Will I Die in Ios?

Below is another excerpt from the book I am currently working on...  

For the record, I am the first person to declare that I’m a hypochondriac. My Mother, an oncology nurse will be the next person to confirm this. There have been numerous moments in my life where I have truly and utterly believed that I am dying due to an unknown illness. I’ve lay in bed (in the midst of death) questioning how this can be it for me. Wasn’t there more? Don’t I deserve a few more decades? Don’t I? Don’t I? But, it wasn’t until my second day in Ios that I convinced myself I was a hundred per cent on my way out. And no, I was not just dying from any old cause – I was dying from a severe hangover.

I awoke early in the morning in his bedroom. It was 7am – how long did I sleep for? When did I go to sleep? Rick was still curled up in bed, looking far less attractive from the night before. I quietly found my clothes, slipped on my shoes and snuck out. As I made my way out of the hostel vicinity I realised I had no idea where I was. I didn’t have my phone on me (not that I even knew how to work Google maps) or my wallet. A minor headache was brewing, but I realised that at this time my cause of death would be from being lost in a Greek forest.

  An hour later and I was still lost in bum fuck nowhere. There had been minor human interaction which partially nullified the possibility of dying alone in a Greek woodland – so that was comforting. However, the headache that had been developing was now in full force. Not only that, it was now being matched by a gurgly stomach and a general feeling of faintness. That’s it – the next person I see I will ask where the fuck I am.

Unfortunately, that didn’t occur for another 45 minutes when the sun had fully risen and was beaming down on me. 

  “Whe am I?” the words could hardly come out as I shuffled over to a stick thin blonde woman. She wore purple sandals and a backpack – the way she looked at me was how I felt yesterday with the other girls: fresh looking at the drunken plebs.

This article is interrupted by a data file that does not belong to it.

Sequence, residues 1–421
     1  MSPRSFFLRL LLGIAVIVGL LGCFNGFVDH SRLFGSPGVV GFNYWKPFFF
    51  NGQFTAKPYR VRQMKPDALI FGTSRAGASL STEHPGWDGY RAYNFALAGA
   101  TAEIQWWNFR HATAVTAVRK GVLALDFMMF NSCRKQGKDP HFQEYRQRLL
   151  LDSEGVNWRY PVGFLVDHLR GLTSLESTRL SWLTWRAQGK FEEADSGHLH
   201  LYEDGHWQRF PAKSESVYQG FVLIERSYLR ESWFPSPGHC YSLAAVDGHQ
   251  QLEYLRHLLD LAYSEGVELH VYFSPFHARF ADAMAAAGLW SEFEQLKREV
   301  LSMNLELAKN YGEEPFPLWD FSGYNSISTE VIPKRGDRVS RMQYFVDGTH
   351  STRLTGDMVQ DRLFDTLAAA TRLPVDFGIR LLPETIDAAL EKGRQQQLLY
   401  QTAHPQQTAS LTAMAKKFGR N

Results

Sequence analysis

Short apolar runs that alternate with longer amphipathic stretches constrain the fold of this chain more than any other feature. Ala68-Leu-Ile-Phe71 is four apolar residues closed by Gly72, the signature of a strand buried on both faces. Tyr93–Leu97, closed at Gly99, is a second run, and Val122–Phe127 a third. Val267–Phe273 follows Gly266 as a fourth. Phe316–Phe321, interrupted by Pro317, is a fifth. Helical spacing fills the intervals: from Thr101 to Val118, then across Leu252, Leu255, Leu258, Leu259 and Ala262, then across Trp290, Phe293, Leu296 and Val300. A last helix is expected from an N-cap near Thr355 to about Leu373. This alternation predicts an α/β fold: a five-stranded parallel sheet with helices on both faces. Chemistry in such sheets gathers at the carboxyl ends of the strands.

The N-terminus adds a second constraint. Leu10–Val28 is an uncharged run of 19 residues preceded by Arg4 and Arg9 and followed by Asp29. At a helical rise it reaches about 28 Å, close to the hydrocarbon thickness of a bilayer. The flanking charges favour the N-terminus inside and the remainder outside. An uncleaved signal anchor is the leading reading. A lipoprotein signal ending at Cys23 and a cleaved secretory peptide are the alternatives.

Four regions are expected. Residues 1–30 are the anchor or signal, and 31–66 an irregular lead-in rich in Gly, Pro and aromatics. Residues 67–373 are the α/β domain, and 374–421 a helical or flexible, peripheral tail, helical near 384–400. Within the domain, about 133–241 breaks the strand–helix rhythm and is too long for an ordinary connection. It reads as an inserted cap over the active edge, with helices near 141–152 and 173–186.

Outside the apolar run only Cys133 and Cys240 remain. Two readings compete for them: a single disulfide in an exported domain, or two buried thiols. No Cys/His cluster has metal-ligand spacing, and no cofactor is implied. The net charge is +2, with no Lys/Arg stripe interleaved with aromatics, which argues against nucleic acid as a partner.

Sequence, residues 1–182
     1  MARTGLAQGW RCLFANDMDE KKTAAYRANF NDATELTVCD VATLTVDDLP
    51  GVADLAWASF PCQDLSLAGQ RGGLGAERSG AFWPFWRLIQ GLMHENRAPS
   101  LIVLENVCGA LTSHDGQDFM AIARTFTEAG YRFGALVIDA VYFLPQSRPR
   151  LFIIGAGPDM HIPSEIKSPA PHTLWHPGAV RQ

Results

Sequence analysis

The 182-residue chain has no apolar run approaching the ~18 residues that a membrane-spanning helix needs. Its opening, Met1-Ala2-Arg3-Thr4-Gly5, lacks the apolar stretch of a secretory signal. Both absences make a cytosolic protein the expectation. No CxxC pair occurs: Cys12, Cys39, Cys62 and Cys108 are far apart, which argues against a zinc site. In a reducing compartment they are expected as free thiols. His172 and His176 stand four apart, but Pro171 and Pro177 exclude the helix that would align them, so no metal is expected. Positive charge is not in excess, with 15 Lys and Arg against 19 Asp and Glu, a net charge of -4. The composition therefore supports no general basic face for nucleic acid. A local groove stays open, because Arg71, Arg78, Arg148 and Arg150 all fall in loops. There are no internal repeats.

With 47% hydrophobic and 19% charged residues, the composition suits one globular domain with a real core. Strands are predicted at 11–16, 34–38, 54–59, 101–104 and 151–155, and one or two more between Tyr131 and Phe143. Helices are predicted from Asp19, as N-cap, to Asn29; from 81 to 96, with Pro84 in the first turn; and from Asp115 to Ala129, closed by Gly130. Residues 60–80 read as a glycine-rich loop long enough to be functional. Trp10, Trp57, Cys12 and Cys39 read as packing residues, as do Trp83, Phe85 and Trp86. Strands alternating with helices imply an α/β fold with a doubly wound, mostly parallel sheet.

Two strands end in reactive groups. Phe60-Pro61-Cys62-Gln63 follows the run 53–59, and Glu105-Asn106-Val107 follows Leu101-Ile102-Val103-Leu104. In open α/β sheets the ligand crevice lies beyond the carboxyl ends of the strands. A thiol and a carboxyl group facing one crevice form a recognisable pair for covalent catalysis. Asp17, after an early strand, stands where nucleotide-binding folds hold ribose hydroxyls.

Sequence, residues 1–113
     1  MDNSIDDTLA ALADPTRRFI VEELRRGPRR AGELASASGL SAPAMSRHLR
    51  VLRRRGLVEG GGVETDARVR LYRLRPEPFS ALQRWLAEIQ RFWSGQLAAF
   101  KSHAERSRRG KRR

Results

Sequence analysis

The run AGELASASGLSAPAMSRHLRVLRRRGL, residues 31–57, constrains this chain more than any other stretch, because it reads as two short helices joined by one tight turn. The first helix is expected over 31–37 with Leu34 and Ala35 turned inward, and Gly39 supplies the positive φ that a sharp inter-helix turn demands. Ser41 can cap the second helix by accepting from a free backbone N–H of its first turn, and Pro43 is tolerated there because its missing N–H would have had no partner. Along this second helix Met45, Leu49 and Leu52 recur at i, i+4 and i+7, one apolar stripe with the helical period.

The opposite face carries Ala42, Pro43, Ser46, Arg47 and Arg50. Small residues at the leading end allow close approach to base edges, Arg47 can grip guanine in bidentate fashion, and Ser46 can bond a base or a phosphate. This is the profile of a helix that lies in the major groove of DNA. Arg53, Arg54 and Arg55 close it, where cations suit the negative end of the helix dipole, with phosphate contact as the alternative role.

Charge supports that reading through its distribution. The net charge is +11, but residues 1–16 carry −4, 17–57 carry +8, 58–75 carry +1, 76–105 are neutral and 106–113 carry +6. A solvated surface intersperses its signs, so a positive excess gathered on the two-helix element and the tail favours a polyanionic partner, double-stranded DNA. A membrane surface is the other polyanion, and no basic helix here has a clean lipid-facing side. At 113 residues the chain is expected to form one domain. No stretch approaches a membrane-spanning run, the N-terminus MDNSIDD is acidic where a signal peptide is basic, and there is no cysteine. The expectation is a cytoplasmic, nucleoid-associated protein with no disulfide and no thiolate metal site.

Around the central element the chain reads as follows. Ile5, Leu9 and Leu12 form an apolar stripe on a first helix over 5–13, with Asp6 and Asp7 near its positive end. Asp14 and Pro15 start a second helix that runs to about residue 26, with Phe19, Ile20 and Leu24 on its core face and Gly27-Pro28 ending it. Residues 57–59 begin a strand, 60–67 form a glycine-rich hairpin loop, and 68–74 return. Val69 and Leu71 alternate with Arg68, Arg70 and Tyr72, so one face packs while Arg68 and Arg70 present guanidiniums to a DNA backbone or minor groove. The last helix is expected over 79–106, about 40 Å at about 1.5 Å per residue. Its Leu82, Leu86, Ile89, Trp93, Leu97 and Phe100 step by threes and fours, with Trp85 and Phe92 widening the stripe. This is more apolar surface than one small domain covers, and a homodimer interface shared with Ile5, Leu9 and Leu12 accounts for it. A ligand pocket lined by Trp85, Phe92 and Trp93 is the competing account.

“Sorry?” It was an American accent.

  “Where… are we?” I was puffing, I could hardly breathe. My brain was screaming HELP ME!

  “Well, we’re in Ios of course!”

 For fucks sake.

  “I… am aware…” I was hanging on by a thread, “but where?”

  “Oh!!! Sorry sweetie! I was a little confused by your question to begin with. We are… hang on… wait, where are we?” She was looking around, basically spinning in circles which did nothing but made me dizzy. She then did the smartest thing she had done in the past five minutes and pull out her phone, “okay, okay. The main strip is only 400 metres away. Head straight, then at the first right – turn there. That’ll get you on the main street.”

  “Thank you,” I said. My body now heaving over and mouth dry.

  “You’re very welcome, sweetie. God Bless!” She turned on her feet and went on her jolly way, disappearing into the glary sun.

25 minutes later, two wrong turns (her directions weren’t exactly accurate to be perfectly honest) I arrived outside mine and El’s room. Sweat was dripping down my face, my knees were weak and my breath was out of whack. I was dying.

  I tried with the little energy I had to bash on the door and wake El up. But nothing. After ten minutes of patting the door and whispering “El”, she finally came and let me in. Bed! Dear, dear bed! I walked straight to it and collapsed without exchanging any words with El.